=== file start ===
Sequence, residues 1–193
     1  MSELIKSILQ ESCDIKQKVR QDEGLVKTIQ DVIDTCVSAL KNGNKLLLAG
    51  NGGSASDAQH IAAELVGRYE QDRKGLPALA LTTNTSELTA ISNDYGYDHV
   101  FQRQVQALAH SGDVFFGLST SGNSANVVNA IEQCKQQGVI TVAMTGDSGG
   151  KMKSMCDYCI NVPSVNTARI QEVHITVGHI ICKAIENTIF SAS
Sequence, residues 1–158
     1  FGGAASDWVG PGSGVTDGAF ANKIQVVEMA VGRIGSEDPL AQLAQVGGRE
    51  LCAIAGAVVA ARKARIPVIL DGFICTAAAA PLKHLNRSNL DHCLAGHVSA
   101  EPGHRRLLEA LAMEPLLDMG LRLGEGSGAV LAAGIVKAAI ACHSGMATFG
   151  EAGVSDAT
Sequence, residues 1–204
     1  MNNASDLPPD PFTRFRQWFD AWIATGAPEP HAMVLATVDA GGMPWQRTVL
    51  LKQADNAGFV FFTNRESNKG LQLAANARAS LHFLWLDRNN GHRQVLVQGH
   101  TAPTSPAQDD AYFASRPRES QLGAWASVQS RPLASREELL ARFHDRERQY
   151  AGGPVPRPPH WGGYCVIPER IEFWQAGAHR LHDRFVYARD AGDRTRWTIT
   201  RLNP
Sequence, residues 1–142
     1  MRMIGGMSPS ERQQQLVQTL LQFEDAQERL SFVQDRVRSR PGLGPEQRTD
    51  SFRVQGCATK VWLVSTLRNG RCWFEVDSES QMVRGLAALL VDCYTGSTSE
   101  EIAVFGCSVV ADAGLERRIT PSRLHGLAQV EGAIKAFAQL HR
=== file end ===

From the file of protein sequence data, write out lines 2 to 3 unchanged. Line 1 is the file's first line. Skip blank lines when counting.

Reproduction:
     1  MSELIKSILQ ESCDIKQKVR QDEGLVKTIQ DVIDTCVSAL KNGNKLLLAG
    51  NGGSASDAQH IAAELVGRYE QDRKGLPALA LTTNTSELTA ISNDYGYDHV